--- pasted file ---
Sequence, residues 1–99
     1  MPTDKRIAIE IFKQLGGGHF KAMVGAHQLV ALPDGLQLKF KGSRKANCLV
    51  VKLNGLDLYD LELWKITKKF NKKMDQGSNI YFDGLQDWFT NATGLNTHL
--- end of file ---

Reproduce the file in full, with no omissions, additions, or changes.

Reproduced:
Sequence, residues 1–99
     1  MPTDKRIAIE IFKQLGGGHF KAMVGAHQLV ALPDGLQLKF KGSRKANCLV
    51  VKLNGLDLYD LELWKITKKF NKKMDQGSNI YFDGLQDWFT NATGLNTHL